Mentored by Berkeley Lab scientists Bert de Jong and Costin Iancu, MIT computer science student William Moses will spend this summer in the Lab’s Computational Research Division working on scalable synthesis of high-performance quantum circuits in the face of noise or errors.
“I chose to come to Berkeley for the summer practicum for its open culture and excellence across a variety of disciplines that I'm interested in,” says Moses.
Michael Tucker, University of Hawai'i
Astronomy student Michael Tucker is currently finishing up his second year at the Institute for Astronomy, which is a part of the University of Hawai'i at Manoa. His studies are focused on transient objects such as supernovae and tidal disruption events. Under the mentorship of Berkeley Lab scientist Greg Aldering, Tucker will be working this summer on the SuperNova Integral Field Spectrograph (SNIFS), an instrument on the University of Hawai'i 88-inch (UH88) telescope that he uses regularly in his current research. The main goal of the summer is preparing SNIFS and the UH88 for robotic operations.
“SNIFS, the instrument I use regularly for my research, was designed by my Berkeley Lab mentor, Greg Aldering,” says Tucker. “It's a perfect opportunity to get hands-on experience with the instrument I'll be using for my thesis.”
Caitlin Whitter, Purdue University
This summer, Purdue University computer science student Caitlin Whitter will work with her Berkeley Lab mentor Aydin Buluc on developing new algorithms for efficiently computing graph kernels. Graph kernels, functions that quantify the similarity between two graphs, have become a widely used approach in machine learning for performing classification tasks on graphs. Whitter’s research will focus on techniques, such as preconditioning and parallel processing, to reduce computation time.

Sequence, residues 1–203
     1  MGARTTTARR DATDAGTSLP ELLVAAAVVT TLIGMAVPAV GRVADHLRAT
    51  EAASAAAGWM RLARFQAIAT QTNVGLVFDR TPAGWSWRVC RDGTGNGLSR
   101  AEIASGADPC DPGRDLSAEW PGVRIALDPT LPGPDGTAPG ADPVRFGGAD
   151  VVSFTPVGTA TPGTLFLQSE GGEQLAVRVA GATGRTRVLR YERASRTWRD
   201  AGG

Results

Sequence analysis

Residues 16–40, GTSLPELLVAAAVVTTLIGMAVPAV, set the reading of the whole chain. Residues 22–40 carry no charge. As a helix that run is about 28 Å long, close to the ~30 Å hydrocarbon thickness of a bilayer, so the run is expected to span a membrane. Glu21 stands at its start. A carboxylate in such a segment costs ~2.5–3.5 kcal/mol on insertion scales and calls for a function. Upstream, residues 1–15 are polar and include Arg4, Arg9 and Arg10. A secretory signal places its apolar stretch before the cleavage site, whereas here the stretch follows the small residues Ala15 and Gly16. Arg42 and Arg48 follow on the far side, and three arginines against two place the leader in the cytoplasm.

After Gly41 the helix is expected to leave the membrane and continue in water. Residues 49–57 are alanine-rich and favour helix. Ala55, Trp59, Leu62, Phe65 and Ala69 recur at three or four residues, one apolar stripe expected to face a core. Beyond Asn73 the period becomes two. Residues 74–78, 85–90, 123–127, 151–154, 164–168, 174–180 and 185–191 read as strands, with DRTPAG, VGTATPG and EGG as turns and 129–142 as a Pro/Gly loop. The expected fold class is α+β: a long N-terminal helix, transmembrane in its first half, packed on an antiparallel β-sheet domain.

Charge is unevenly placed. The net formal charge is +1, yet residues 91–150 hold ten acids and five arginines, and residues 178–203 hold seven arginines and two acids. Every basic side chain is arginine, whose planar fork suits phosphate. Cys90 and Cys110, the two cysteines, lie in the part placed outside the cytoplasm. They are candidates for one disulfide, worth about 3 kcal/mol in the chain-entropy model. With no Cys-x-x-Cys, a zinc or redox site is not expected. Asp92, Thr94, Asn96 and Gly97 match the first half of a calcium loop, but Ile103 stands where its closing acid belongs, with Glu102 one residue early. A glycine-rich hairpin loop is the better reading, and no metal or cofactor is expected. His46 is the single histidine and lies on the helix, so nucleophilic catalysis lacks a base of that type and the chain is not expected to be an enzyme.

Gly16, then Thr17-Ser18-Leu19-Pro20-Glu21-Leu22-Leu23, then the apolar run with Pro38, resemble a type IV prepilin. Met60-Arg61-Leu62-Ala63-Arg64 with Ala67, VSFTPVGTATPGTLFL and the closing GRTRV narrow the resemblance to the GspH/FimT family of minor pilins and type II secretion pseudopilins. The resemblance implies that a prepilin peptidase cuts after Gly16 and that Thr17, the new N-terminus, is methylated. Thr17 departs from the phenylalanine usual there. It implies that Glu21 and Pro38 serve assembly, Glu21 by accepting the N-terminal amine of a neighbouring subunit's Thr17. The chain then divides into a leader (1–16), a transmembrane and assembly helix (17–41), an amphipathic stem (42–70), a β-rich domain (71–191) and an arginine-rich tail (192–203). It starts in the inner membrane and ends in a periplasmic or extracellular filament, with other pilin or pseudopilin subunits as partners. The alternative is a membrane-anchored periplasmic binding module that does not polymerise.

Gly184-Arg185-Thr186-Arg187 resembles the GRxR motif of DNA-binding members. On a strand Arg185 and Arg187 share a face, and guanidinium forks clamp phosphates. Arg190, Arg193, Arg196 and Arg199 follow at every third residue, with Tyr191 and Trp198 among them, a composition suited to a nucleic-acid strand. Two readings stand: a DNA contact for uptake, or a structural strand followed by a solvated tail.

“I chose to come to Berkeley because of the fascinating research my mentor, Aydin Buluc, and his collaborators are pursuing,” says Whitter. “Berkeley Lab has been a computational research powerhouse for decades, and I knew I wanted to take part in that culture, and also Northern California is a beautiful part of the country that I want to explore.”
About Computing Sciences at Berkeley Lab
High performance computing plays a critical role in scientific discovery. Researchers increasingly rely on advances in computer science, mathematics, computational science, data science, and large-scale computing and networking to increase our understanding of ourselves, our planet, and our universe. Berkeley Lab’s Computing Sciences Area researches, develops, and deploys new foundations, tools, and technologies to meet these needs and to advance research across a broad range of scientific disciplines.
Founded in 1931 on the belief that the biggest scientific challenges are best addressed by teams, Lawrence Berkeley National Laboratory and its scientists have been recognized with 13 Nobel Prizes. Today, Berkeley Lab researchers develop sustainable energy and environmental solutions, create useful new materials, advance the frontiers of computing, and probe the mysteries of life, matter, and the universe. Scientists from around the world rely on the Lab’s facilities for their own discovery science. Berkeley Lab is a multiprogram national laboratory, managed by the University of California for the U.S. Department of Energy’s Office of Science.
DOE’s Office of Science is the single largest supporter of basic research in the physical sciences in the United States, and is working to address some of the most pressing challenges of our time. For more information, please visit energy.gov/science.